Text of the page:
The Friendliest U.S. City Neighborhoods You Should Visit
While we travel to see new sites, try new things and learn new facts, it's the new people we meet along the way that can truly enhance a trip. But where will you most likely be welcomed warmly and possibly make new friends as you explore?
Recently, "National Geographic Traveler" magazine decided to answer that question by determining the friendliest urban neighborhoods in the United States. Working with a consultancy, the publication assessed 200 cities based on social media sentiment about their friendliness — plus walkability, home affordability, and prevalence of public spaces, restaurants, breweries and more — to determine which neighborhoods are the most welcoming to outsiders.
Here, we sing the praises of the city neighborhoods that stand out as leaders, while providing insights on what they have to offer visitors.
15. New York's Times Square/Hell's Kitchen
You wouldn't expect a neighborhood named Hell's Kitchen to be on a list of the friendliest neighborhoods in America, and once upon a time, you'd be right. In the blocks of West Side Manhattan, stretching from 34th Street to 59th Street, Hell's Kitchen was once a not-so-friendly area where crime was a serious concern.
Neighboring Times Square wasn't so hot, either. In the '70s, '80s and early '90s, Broadway was a place you didn't want to be after dark. But the efforts of urban planners, local administrators, police and then-mayor Rudy Giuliani turned things around, transforming Times Square into a pedestrian- and shopper-friendly destination filled with theatergoers long after the stage lights dimmed — and the effect carried over into neighboring Hell's Kitchen. (The turnaround in New York has been described as "one of the most remarkable stories in the history of urban crime.”)
Today, popular restaurants and attractions anchor a safe and exciting West Side for residents and out-of-towners to enjoy.
Must-See: Walk the nearly 1.5-mile The High Line, formerly an old above-ground train route and now lined with trees and gardens. The attraction runs from the Meatpacking District to the bottom of Hell's Kitchen.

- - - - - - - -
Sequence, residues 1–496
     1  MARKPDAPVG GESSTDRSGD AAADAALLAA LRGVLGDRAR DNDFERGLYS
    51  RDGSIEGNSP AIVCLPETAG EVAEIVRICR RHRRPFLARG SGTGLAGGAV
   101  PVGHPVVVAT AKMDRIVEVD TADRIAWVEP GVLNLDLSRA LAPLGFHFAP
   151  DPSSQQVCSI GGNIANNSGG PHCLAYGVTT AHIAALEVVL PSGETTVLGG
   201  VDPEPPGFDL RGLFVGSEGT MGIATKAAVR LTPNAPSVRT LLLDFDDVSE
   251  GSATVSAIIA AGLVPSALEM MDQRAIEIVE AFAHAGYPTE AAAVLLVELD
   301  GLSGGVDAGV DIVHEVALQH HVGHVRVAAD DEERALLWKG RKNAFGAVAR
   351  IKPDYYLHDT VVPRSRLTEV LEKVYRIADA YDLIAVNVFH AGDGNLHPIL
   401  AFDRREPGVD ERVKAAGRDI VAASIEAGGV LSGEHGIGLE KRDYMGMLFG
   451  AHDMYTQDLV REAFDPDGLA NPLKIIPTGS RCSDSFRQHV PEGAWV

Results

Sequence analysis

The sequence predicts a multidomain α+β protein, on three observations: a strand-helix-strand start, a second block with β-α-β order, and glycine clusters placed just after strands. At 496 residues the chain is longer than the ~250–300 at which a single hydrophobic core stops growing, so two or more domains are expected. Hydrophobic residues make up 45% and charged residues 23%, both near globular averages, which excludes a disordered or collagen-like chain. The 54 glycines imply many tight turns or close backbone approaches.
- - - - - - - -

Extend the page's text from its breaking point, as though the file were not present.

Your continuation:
14. Savannah's North Historic District
One of the oldest cities in America, Savannah, Georgia is filled with charming and historic homes and gardens that date back to the 18th century. In the city's early days, once-bustling warehouses and markets were filled with goods and materials carried on tall-masted ships sailing into port on the Savannah River; in modern times, a cobblestoned street continues to feature shops, markets and some of the finest seafood in the city.
River Street, located within the North Historic District, is one of the hottest places (figuratively and literally) to go when visiting the sweltering Southern city, especially on St. Patrick's Day, as one of the nation's largest parades fills the air with the sound of bagpipes.
Tour the historical homes and gardens of the city, including the birthplace of Girl Scouts' founder Juliet Gordon Low, and follow along with walking tours to learn of the storied past of Savannah.
Must-See: Bonaventure Cemetery is a fascinating (and spooky) attraction that was featured in a book and movie about a true-crime story that shocked the city: "Midnight in the Garden of Good and Evil."
13. San Diego's Little Italy
One of San Diego's oldest neighborhoods began as — you guessed it! — an Italian neighborhood, as fishermen from Italy settled in southern California in the early 1900s. In the 1970s, Little Italy hit a decline as the fishing industry died out and buildings went vacant when families departed. The empty space was eventually snapped up by artists and designers and quickly gentrified into the hip and friendly neighborhood it is today.
Of course, authentic Italian food is easy to come by in old-school restaurants, but this neighborhood ideally located near Waterfront Park features many other styles of cuisine at its 70-plus restaurants with patios and sunset views. The neighborhood welcomes visitors with open arms during its Italian-inspired festivals, as well, including the Sicialian FESTA Fiesta.
Must-See: The new European-inspired Piazza della Famiglia is a 10,000-square-foot plaza featuring a fountain and restaurants that will make you feel as if you are actually enjoying Italy.
12. Myrtle Beach's Downtown
As one of the most family-friendly vacation destinations in the country, Myrtle Beach's Grand Strand is a 60-mile stretch of beaches hugging the Atlantic Ocean in South Carolina. At its heart? A 1.2-mile boardwalk where kids, adults and even pets come together to enjoy the salty air. This district has it all: restaurants, amusement games and live entertainment.